A constant companion of gardeners worldwide, alyssum is a cheerful specimen offering a huge variety of colors to the home botanist or florist. Here we’ll take you through everything you need to know about the rich history and origins of Alyssum flowers, plus learn about their meanings and symbolism, uses and benefits, and suitable gifting occasions today.

Ultimate Guide to Alyssum Flowers

Alyssum Flower Meaning & Symbolism – The Essentials

Alyssum means “worth beyond beauty” or “sweetness of soul” in the Victorian language of flowers. It is also a plant with a role to play in witchcraft. Dedicated practitioners claim alyssum will help deflect unfriendly spells. Alyssum can also help the wearer cultivate calmness and avoid anger.

About Alyssum Flowers

About Alyssum Flowers

Alyssum’s small, dense clusters of blossoms offer sweetness and innocence of which the Victorians would have approved. It is an old plant whose original medical purposes are now antiquated.

Alyssum – Family, Genus, and Taxonomy

The Alyssum genus contains between 100 and 200 different species. It is in the Brassicaceae family, which also contains mustards and cruciferous vegetables.

The most common alyssum plant is Lobularia maritima. It is synonymous with Alyssum maritimum, though that Latin name is outdated.

Aurinia saxatilis is also called alyssum, but don’t confuse the two. Though similar in appearance, they’re quite different taxonomically. Similarly, while it looks like baby’s breath, L. Gypsophila paniculate, they are not related.

Botanical Characteristics, Colors and Fragrances

Alyssum is considered an annual shrub. It has branching stems with small green leaves. Its flowers come on in early summer in a huge range of colors. These include reds and pinks, oranges and yellows, whites and purples.

In USDA zones 10 and above, it will grow as a perennial. In any temperate region, it makes a great annual. If you leave blossoms on after they are spent, it will freely self-seed.

Alyssum smells lovely. Some people compare it to the smell of honey. The plant starts producing this smell even before it blooms, so get a whiff!

History & Origins of Alyssum Flowers

History & Origins of Alyssum Flowers

We know the ancients knew of alyssum because of its name.

Alyssum stems from the Latin “alysson,” which comes from the Greek “alusson.” In ancient Greek, “a” means “without” and “lussa” means “rabies.” This is a nod to the fact that the plant was used as a rabies treatment back in the day.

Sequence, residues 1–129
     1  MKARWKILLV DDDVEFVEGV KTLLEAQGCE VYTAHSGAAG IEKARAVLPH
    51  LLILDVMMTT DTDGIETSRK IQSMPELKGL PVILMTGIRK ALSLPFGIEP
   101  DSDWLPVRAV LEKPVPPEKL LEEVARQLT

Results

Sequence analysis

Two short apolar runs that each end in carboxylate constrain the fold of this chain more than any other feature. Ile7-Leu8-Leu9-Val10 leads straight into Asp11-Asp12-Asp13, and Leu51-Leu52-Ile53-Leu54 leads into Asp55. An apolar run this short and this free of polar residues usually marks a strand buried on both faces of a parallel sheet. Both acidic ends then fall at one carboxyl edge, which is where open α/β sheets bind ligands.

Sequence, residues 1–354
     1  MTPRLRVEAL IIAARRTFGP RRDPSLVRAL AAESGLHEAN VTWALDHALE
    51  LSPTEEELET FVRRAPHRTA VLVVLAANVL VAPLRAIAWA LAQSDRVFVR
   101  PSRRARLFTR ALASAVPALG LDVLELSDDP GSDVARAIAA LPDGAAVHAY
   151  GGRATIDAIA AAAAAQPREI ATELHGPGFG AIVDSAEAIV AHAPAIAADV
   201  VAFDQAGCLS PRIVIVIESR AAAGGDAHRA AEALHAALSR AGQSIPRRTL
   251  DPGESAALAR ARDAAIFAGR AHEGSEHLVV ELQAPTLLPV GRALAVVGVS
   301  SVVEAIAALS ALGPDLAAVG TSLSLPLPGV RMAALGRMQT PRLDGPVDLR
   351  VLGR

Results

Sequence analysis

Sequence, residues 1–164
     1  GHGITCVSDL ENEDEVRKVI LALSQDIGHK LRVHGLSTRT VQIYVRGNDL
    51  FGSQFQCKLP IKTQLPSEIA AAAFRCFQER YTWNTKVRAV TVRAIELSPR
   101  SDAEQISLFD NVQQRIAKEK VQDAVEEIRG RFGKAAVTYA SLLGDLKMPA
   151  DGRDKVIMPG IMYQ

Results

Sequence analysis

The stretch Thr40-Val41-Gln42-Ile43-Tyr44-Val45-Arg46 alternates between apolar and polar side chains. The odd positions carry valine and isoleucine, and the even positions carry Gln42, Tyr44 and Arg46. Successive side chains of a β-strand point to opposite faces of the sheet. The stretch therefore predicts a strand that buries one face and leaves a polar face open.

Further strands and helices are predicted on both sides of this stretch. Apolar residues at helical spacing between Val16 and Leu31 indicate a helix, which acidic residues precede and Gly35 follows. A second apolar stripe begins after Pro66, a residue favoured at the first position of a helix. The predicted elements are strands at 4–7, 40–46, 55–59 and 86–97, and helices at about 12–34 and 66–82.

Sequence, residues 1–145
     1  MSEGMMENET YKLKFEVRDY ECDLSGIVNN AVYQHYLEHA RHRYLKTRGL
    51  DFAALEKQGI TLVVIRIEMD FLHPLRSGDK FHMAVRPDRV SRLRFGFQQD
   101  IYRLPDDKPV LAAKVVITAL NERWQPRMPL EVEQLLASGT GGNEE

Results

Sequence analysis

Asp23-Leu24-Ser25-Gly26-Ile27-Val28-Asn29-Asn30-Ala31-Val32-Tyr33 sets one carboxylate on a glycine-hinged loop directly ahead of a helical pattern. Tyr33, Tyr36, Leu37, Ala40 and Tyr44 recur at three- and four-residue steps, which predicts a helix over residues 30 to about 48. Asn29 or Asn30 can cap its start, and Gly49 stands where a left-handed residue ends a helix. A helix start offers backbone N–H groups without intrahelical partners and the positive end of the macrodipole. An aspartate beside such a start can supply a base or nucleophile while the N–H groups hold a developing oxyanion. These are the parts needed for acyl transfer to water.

Today, the name is more generally translated as “without madness.” This explains some of its supposed uses in witchcraft. It also explains the sweetness it carries in the language of flowers.

Sweet alyssum boasts a generous number of cultivars in a range of colors. Names like “Carpet of Snow“, “Snowdrift,” “Violet Queen,” “Wonderland Copper” and “Rosie O’Day” give a sense of its range of hues. Look here for cultivars marked by the Royal Horticultural Society as especially noteworthy.

Etymological Meaning

Alyssum’s modern genus name is Lobularia. It is Greek for “small pod.” While most people don’t notice, this is what the fruits look like before alyssum goes to seed.

The most common alyssum species in the garden, maritima, is named for its preference for sea air.

To What Regions are Alyssum Flowers Native?

Alyssum is a large genus, so it isn’t native to any one place. Its members can be found all over Europe, Asia, and Africa. However, it is especially prolific in species around the Mediterranean.

Lobularia maritima is native to the Canary Islands, Madeira, and Cape Verde. It is also found naturally in parts of France. Its easy-going temperament and self-seeding habit makes it very cosmopolitan today.

When Are Alyssum Flowers in Season?

Alyssum first blooms around June and continues to produce blossoms until the frost. However, depending on your climate, flowers may come on earlier or later.

Uses and Benefits of Alyssum Flowers

Uses and Benefits of Alyssum Flowers

Alyssum is most commonly used as an ornamental plant. However, it does serve a minor role in the kitchen. Moreover, it makes a great addition to your natural pest toolkit.

Food and Drink

Alyssum is a member of the same family as collards, chard, kale, and other greens. As such, it’s a great addition to salads and stir-fries. Try only to eat alyssum you’ve grown from seed to avoid nursery chemicals.

Herbalism and Medicine

Alyssum has a range of historic medicinal uses. These include:

  • Reducing edema
  • Treating scurvy
  • Pain relief
  • Treating bleeding gums

Today, we have better over-the-counter remedies for these. However, in its day, it was an important herbalist’s supply.

Alyssum Toxicity

Alyssum is non-toxic to cats, dogs, livestock and people. Berteroa incana, or hoary alyssum, is toxic to horses, but is a completely different genus that happens to share the common name. Unless you are a farmer, you won’t need to worry about that!

Ornamental and Butterfly Gardens

Small butterflies, flies, bees, and other pollinators are drawn to alyssum’s sweet smell. They also flock to color. Choose brightly-hued alyssum varieties for your pollinator garden.

Natural Pest Control